Artist Nicholas Nixon Asked the ICA Boston to Shut Down His Show Amid Uproar Over Misconduct Allegations

The ICA Boston will close its well-reviewed exhibition of work by photographer Nicholas Nixon on Thursday—10 days earlier than scheduled—in the wake of sexual harassment allegations leveled against him by several of his former students at the Massachusetts College of Art and Design, where he served as a professor.

Originally, the museum opted to keep the show on view but create new signage to acknowledge the allegations and an online forum to discuss its decision. But in an unexpected move, the artist himself asked for the show to be taken down because he felt his photographs could no longer “be viewed on their own merits.”

According to a statement emailed to artnet News from the ICA:

In response to the ICA’s decisions to create new gallery signage and an online forum about Nicholas Nixon’s alleged misconduct in his capacity as a professor at MassArt, the artist today sent a letter to the museum stating: “I believe it is impossible for these photographs to be viewed on their own merits any longer. In response, with deep regret, and only after careful thought, I believe it is more respectful to all concerned—to your mission, and to the work itself—to remove the exhibit as soon as possible.”

The exhibition will close to the public at end of day tomorrow.

In a bombshell report published last week, the Boston Globe detailed multiple allegations that Nixon engaged in a years-long pattern of sexually inappropriate language and behavior toward students at MassArt. Nixon had already “abruptly retired” from the school on March 22, amid an investigation into alleged inappropriate behavior, according to the report. (Though Nixon apologized to students he offended in a statement to the Globe, his lawyer said that “the conduct we’re aware of was strictly consensual.”)

After the report was published, the ICA was left in a difficult position. It was presenting an exhibition of Nixon’s most celebrated series, “The Brown Sisters,” in which the photographer captured his wife and her sisters posing together each year since 1975.

In what proved to be a controversial move, leaders of the museum decided to leave the show in place for the remainder of its scheduled run, until April 22. But not everyone agreed with the decision—even within the museum’s own ranks.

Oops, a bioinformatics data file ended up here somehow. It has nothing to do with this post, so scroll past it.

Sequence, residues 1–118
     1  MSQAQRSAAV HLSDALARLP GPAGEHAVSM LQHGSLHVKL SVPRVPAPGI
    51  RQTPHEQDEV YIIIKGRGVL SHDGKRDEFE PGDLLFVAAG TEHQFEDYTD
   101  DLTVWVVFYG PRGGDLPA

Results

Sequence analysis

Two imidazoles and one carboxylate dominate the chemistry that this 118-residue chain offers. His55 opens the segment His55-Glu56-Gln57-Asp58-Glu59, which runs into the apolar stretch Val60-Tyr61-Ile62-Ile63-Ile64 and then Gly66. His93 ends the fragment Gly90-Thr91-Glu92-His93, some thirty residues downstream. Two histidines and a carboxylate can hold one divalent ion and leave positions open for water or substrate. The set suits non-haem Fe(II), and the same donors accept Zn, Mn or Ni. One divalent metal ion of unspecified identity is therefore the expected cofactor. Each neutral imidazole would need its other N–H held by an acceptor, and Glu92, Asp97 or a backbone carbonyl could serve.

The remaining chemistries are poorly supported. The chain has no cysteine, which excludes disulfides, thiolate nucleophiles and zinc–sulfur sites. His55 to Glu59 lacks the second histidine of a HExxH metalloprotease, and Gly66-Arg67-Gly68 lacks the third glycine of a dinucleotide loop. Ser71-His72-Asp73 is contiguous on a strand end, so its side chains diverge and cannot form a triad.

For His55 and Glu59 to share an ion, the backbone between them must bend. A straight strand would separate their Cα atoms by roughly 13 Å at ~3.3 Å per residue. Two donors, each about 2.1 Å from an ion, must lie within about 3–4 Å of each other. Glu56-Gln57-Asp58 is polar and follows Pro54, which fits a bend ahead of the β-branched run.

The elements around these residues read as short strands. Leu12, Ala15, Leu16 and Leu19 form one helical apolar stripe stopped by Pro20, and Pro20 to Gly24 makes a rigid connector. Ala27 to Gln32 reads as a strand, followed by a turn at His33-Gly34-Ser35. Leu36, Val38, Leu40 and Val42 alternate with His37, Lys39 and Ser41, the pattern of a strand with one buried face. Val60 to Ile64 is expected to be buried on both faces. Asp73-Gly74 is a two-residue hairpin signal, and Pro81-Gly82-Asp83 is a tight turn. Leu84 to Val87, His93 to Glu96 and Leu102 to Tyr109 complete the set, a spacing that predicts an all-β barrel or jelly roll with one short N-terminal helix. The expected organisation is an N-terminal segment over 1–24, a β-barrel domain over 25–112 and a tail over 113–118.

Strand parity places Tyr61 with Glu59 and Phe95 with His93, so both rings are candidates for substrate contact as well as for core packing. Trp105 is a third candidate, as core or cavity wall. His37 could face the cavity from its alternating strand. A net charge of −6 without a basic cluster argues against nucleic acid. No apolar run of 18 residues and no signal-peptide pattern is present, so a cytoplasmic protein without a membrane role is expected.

On April 6, ICA leaders launched an open forum where director Jill Medvedow and chief curator Eva Respini explained their rationale and invited staff members to voice their own views. It marked a rare moment when an institution’s leadership seemed to be thinking through its decisions—and opening itself up to criticism—in real time. (The page has since been removed from the ICA Boston’s website and the show dates have been changed to reflect Thursday’s closure.)

Screenshot of ICA Boston’s original web page for “Nicholas Nixon: Persistence of Vision.” Courtesy of ICA Boston.

In a now-deleted post on the forum page, Medvedow wrote: “I struggle with competing truths: the truth told by the individuals cited in the Globe, the divergent opinions of our staff, and the ICA’s commitment to share all that contemporary art offers to our many audiences and publics, including its controversies, complexities and conflicts.”

Similarly, Respini wrote of her longstanding admiration of Nixon’s work and her own reaction to the allegations.

It seems the maker of these pictures is a yet another man who has abused his position of power. I condemn this kind of behavior and am angered by it. Can I still love the pictures? With these allegations, I am faced with some difficult questions. Does the work of an artist accused of questionable behavior need to be revisited or re-contextualized? Can we separate creative output from personal conduct? How do artists’ actions and views inform their work and shape our cultural narrative?

Ultimately, Respini concluded that museums “should be safe spaces for open dialogue and debate,” and added that she looked forward to hearing from people both online and in the galleries.

Critics, however, were not easily assuaged. Before the page was removed, roughly two dozen respondents listed as anonymous ICA staffers blasted the leadership’s decision and called for the immediate removal of the show. One staffer wrote:

Once again, when presented with an opportunity to make a controversial but morally guided decision, the ICA chose to protect the problematic artist and its own pockets. By keeping this exhibition on view and by twisting this decision to be about public discourse, the ICA as an institution is silencing the voices of those who have come forward to name Nicholas Nixon as an abuser. 

Before the page was removed, only one commenter—a former student of Nixon’s who believed his controversial and inappropriate comments were part of his unorthodox teaching approach—advocated for a more tempered response.

It’s something of an ironic twist that the final decision to remove the exhibition seems to have been prompted by Nixon himself. Over the past year, many institutions have struggled to find appropriate ways to address harassment allegations leveled at art-world figures. In January, the National Gallery of Art in Washington, DC, announced it was postponing exhibitions of work by artists Chuck Close and Thomas Roma in the wake of misconduct allegations.

Meanwhile, the Pennsylvania Academy of Fine Arts—which was presenting a show of Chuck Close photographs when news of his alleged mistreatment of models broke—chose to keep its exhibition open but added a companion exhibition of works from its collection that deal with issues of gender and power.

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